When visiting Don’s woodworking shop I was immediately struck by the scale as I walked through the wooden doors and looked straight up to the timber-framed rafter above. It was like walking back in time. Don’s shop is filled with vintage hand tools, power tools, marquetry and Parquetry projects, wood finishing stations, and a handful of workbenches for his students. His workshop, which he affectionately refers to as “Don’s Barn” is fully off the grid, and runs off of a small hydroelectric generator that’s fed by a small stream. Don’s woodshop layout and overall property were like heaven to a country boy like me!
6. Phillip Lowe’s Furniture Making School
Visiting Phil Lowe’s woodworking school in the charming seaside town of Beverly, Massachusetts was another highlight for me. The historical brick school and woodshop sits within a short walk of the sailboat-filled Beverly Harbor. The Furniture Institute of Massachusetts is a school for woodworking students who want a custom learning experience from a world-class woodworker and teacher. Woodshop classes range from one or two days all the way up to multi-year full time woodworking apprentice programs. Phil has been featured in so many woodworking magazines, books, and videos that it’s hard to name them all. But even more impressive is his skill as a furniture maker.
His high-end furniture tells the story of his ability as a woodworker. Phil’s woodworking school has a very comfortable layout. When you first enter the school, if you turn left you enter the design room where students learn how to draw full-sized plans for their furniture. Walking down the hall you enter “the bench room” where all the hand tool work is done. This room is filled with workbenches, with student’s furniture projects, and the walls are filled with vintage and new hand tools. I was like a kid in a candy shop! Moving out of this room you enter the two rooms dedicated to power tools, woodturning, and lumber storage. In this room Phil showed me a historical Marquetry Donkey machine that he built to demonstrate traditional wooden picture making to his students. Visiting this woodworking shop and school was such a fun experience!
7. Elia Bizzarri’s Windsor Chair Workshop
Visitors or students to Elia Bizzarri’s cozy Windsor chair-making shop in North Carolina are first greeted by a simple hanging sign along the road that has a painting of a Windsor Chair. My first visit to Elia’s woodworking shop was when we filmed a DVD on making a continuous arm rocking chair. Elia built his colorful woodshop out in the woods behind his house, and it serves as the spot for his full-time profession as a chair maker and teacher. The historical colors of his school seem to match the sometimes colorful chairs that he makes from logs. As a teenager he used his rough hand tools to build his first workbench, which now stretches almost the whole width of his woodshop.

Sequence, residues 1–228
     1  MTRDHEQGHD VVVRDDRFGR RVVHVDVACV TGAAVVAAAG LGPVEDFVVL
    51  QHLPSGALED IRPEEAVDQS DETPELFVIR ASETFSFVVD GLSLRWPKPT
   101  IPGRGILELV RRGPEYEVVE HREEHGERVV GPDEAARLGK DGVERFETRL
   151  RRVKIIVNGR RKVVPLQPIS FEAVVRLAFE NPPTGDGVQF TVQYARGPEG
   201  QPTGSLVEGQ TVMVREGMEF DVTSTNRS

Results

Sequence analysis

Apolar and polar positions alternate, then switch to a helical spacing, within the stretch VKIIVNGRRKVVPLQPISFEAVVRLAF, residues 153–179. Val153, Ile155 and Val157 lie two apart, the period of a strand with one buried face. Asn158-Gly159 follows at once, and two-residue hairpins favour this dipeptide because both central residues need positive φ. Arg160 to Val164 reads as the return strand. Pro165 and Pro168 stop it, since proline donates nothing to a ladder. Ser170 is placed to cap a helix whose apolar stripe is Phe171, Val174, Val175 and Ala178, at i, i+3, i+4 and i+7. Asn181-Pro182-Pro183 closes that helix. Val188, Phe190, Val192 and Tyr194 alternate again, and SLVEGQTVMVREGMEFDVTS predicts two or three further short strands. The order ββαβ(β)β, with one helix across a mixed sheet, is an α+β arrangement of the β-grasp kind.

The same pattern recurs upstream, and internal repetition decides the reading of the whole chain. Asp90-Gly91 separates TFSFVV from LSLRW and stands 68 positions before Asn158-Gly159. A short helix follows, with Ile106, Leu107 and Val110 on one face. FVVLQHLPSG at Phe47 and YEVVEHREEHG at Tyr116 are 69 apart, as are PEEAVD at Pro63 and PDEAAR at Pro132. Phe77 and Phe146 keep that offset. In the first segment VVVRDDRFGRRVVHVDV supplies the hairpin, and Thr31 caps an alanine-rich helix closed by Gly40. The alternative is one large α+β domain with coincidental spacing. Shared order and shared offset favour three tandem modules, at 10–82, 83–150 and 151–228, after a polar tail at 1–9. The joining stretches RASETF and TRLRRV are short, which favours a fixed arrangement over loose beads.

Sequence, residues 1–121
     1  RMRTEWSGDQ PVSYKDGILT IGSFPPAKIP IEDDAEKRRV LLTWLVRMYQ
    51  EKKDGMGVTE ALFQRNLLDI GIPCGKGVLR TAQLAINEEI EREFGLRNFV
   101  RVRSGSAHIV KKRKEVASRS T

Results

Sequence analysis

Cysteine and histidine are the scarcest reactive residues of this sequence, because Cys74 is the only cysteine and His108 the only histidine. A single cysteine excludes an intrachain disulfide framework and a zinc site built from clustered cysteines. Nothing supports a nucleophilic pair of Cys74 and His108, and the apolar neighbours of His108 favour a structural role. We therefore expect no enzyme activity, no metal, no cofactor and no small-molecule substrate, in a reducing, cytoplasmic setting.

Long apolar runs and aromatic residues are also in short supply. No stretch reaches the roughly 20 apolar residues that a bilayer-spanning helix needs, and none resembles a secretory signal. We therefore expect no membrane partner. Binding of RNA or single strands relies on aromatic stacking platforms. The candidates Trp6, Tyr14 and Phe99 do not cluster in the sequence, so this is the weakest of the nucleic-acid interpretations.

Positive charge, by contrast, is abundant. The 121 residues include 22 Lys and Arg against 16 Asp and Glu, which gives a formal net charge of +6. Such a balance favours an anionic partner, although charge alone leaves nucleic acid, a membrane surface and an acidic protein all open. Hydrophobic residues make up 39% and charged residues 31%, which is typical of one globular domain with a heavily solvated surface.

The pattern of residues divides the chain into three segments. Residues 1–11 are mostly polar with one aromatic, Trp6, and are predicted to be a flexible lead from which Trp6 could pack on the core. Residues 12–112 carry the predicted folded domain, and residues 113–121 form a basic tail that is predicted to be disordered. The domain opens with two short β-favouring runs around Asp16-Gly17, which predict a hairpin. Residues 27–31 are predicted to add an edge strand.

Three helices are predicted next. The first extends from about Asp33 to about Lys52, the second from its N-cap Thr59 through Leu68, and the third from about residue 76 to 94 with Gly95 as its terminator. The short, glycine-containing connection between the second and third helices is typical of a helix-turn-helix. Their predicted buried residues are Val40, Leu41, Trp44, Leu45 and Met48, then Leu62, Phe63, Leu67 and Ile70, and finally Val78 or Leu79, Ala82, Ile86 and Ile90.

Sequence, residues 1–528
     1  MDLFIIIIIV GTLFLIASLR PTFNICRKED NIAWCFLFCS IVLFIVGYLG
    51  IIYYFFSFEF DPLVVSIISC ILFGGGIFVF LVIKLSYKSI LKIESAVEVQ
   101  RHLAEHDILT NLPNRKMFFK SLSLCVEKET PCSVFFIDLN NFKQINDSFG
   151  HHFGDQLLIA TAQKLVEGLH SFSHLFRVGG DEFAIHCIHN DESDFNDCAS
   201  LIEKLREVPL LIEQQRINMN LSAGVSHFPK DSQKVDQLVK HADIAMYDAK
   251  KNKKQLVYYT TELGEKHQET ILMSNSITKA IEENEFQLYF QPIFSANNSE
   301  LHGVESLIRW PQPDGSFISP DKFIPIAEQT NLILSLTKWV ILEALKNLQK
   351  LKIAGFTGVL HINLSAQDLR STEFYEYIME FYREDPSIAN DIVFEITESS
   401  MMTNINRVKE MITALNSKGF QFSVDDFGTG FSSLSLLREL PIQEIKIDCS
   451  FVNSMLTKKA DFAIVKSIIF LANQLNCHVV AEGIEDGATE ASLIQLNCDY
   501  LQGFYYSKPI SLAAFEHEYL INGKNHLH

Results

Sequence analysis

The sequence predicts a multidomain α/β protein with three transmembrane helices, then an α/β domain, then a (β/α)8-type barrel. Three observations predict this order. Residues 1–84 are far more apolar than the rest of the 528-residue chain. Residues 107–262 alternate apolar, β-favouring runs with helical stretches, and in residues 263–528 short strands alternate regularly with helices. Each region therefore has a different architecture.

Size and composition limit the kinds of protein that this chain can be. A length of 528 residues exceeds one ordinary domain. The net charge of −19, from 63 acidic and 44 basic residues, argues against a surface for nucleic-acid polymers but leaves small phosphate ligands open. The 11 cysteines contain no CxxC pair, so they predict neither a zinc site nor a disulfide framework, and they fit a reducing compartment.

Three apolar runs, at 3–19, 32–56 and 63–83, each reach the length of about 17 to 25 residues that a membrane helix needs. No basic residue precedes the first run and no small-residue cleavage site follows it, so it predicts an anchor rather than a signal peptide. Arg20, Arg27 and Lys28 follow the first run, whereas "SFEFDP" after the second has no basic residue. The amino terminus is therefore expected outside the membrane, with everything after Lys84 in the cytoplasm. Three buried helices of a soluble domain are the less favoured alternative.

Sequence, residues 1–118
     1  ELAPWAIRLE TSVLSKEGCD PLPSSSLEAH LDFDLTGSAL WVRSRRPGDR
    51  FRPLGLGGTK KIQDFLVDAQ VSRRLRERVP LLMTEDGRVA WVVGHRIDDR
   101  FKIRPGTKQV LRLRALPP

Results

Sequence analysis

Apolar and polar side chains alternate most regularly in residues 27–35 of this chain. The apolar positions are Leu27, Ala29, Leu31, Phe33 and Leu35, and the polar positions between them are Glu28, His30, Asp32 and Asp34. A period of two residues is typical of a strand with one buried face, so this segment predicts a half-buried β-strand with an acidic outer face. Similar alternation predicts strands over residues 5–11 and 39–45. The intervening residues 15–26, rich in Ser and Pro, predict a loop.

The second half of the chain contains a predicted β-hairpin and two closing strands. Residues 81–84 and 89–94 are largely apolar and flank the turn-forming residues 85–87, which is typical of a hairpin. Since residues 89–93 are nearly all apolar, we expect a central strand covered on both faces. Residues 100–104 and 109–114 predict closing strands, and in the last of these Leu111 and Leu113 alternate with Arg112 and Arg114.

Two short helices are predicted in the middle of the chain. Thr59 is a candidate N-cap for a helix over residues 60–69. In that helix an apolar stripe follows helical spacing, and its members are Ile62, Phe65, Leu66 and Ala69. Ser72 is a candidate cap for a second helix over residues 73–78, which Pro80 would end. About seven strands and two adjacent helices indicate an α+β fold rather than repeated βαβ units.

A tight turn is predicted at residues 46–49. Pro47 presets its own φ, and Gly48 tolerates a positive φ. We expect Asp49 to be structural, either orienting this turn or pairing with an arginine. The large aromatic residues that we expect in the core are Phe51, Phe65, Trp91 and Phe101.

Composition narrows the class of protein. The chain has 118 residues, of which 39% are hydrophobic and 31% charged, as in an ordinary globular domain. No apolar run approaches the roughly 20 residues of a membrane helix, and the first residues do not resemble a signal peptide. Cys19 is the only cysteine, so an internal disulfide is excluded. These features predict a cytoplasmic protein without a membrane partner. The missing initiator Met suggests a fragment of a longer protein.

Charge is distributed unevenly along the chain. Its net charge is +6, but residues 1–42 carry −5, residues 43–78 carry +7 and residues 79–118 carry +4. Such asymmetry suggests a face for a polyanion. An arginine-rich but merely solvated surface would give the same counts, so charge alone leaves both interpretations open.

Around that time he also decided that rather than going to college he’d rather learn to be a professional chairmaker. He apprenticed under a well-known Windsor chair maker, and now Elia makes some of the most beautiful Windsor chairs in the world and teaches classes at the prestigious North Bennet Street School and at Roy Underhill’s Woodwright’s School. The main floor of his workshop is heated by a wood stove, and is open to accommodate his classes on chair making and green wood turning. Elia’s enormous lathe and bandsaws are very heavy vintage machines that are built to last. Chair parts and hand tools are scattered across the workbench surfaces and walls, and his shaving horses and wood shavings complete the happy atmosphere. In the woods outside his woodshop is where Elia does a lot of the green woodworking of his operation where he begins the process of turning logs into chair parts. And if you’re lucky Elia might just pull out the guitar he made with guitar making legend Wayne Henderson, who I featured in the video.